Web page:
With the new ultra-sensitive, high resolution digital infrared cameras available today, a technology that has been developing over the past 20 years is creating renewed interest. Canadian researchers recently found that infrared imaging of breast cancers could detect minute temperature variations related to blood flow and demonstrate abnormal patterns associated with the progression of tumors. These images or thermograms of the breast were positive for 83% of breast cancers compared to 61% for clinical breast examination alone and 84% for mammography.
Thermography, as a physiologic test, demonstrates heat patterns that are strongly indicative of breast abnormality. The test can detect subtle changes in breast temperature that indicate a variety of breast diseases and abnormalities; and once abnormal heat patterns are detected in the breast, follow-up procedures including mammography are necessary to rule out or properly diagnose cancer and a host of other breast diseases such as fibrocystic syndrome, Pagets disease, etc.
By performing thermography years before conventional mammography, a selected patient population at risk can be monitored more carefully, and then more accurately utilize mammography or ultrasound as soon as is possible to detect the actual lesion – (once it has grown large enough and dense enough to be seen on mammographic film). This can increase the patients treatment options and ultimately improve the outcome.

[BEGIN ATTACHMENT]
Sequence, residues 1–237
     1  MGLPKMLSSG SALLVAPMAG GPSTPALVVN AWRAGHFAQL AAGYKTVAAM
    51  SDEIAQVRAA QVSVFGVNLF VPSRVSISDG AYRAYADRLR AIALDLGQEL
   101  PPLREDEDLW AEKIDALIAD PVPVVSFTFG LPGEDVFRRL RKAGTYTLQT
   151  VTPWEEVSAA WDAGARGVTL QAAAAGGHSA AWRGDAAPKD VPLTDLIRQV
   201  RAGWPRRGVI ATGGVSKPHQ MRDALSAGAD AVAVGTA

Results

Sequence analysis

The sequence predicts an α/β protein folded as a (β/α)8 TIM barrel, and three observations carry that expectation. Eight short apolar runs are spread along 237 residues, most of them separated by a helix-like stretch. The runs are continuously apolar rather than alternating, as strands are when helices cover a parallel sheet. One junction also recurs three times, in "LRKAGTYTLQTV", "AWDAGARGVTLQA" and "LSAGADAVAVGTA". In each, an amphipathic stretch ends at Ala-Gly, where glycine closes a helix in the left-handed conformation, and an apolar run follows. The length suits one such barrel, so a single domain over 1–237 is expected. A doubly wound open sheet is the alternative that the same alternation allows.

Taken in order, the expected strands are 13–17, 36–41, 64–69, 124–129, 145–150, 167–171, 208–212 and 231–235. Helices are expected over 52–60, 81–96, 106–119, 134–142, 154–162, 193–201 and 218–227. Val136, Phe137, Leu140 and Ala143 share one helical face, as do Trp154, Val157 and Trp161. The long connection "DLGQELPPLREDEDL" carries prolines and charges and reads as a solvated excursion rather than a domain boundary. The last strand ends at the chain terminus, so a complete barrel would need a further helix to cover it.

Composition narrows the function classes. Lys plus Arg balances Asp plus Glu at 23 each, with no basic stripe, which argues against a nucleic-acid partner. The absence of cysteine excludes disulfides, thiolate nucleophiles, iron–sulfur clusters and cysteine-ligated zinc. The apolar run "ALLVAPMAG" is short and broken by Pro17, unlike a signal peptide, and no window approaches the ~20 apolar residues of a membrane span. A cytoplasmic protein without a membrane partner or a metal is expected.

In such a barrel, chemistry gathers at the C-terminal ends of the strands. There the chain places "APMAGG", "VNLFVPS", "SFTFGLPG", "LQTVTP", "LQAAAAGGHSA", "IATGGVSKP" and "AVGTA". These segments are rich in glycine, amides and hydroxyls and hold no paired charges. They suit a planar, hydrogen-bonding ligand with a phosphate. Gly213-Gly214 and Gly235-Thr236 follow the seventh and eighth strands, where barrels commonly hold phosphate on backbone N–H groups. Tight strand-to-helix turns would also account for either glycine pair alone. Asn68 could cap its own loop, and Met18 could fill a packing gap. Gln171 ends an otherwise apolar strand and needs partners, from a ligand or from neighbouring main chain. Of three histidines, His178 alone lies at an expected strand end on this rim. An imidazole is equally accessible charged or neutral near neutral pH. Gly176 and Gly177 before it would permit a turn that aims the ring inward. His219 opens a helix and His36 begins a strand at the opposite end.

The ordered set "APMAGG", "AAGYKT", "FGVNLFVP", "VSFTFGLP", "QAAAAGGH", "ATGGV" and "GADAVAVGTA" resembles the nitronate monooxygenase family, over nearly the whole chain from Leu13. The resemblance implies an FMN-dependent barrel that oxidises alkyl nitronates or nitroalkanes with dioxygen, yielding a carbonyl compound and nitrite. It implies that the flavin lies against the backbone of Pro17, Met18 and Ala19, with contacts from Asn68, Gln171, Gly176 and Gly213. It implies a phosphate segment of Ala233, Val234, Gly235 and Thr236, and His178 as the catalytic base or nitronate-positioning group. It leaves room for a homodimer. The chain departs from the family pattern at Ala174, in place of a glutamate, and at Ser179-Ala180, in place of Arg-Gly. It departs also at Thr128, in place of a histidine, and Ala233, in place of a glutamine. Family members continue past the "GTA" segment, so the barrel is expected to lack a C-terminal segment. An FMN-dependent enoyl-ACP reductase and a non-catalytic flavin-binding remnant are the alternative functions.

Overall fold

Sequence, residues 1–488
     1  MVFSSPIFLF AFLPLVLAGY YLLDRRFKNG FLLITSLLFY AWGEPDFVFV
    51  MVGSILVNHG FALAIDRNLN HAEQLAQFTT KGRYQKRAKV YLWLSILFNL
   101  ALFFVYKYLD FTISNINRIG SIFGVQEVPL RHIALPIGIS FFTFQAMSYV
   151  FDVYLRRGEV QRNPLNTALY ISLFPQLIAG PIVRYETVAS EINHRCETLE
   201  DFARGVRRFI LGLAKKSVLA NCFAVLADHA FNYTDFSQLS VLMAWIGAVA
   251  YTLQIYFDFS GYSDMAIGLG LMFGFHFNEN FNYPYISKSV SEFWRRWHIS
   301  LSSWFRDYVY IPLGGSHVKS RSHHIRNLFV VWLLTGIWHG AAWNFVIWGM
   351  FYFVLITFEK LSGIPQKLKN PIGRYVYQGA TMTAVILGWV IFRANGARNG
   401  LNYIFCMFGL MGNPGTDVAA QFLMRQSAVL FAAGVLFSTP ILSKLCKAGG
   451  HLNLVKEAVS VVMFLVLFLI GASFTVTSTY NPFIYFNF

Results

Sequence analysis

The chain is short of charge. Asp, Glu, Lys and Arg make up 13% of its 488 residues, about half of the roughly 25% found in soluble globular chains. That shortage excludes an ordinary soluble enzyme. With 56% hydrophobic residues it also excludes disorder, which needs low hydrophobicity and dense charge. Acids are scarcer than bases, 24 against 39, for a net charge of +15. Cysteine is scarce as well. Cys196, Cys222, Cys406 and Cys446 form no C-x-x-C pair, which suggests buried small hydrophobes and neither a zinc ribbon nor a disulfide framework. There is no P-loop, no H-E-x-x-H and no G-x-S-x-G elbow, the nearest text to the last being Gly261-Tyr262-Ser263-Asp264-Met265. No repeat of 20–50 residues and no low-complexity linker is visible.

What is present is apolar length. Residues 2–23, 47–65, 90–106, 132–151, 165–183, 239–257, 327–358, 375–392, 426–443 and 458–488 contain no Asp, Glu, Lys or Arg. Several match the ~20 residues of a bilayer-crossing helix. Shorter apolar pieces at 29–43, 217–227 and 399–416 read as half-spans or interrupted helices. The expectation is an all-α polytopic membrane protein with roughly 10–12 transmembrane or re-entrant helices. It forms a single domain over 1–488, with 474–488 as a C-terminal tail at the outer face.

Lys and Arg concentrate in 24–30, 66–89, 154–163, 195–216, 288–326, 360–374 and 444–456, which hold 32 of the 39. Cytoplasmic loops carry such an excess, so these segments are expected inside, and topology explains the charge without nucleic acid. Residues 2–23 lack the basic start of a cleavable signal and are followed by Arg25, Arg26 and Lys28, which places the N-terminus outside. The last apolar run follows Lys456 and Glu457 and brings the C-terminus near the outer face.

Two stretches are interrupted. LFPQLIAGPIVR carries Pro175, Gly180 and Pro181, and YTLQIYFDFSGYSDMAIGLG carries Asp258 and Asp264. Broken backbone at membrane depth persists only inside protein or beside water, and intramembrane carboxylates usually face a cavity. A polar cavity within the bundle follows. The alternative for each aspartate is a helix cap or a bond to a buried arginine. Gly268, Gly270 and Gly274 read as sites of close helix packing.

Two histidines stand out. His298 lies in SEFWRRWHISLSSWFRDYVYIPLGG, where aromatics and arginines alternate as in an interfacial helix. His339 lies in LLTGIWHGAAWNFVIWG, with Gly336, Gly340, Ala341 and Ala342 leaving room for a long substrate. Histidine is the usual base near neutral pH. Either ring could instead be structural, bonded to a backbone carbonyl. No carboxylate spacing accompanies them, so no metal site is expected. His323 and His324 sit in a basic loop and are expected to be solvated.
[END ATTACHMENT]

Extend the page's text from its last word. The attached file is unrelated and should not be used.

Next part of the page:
It is in this role that thermography provides its most practical benefit to the general public and to the medical profession. It is certainly an adjunct to the appropriate usage of mammography and not a competitor. In fact, thermography has the ability to identify patients at the highest risk and actually increase the effective usage of mammographic imaging procedures.
Until such time as a cure has been found for this terrible disease, progress must be made in the fields of early detection and risk evaluation coupled with sound clinical decision making.
Thermography, with its non-radiation, non-contact and low-cost basis has been clearly demonstrated to be a valuable and safe early risk marker of breast pathology, and an excellent case management tool for the ongoing monitoring and treatment of breast disease when used under carefully controlled clinical protocols.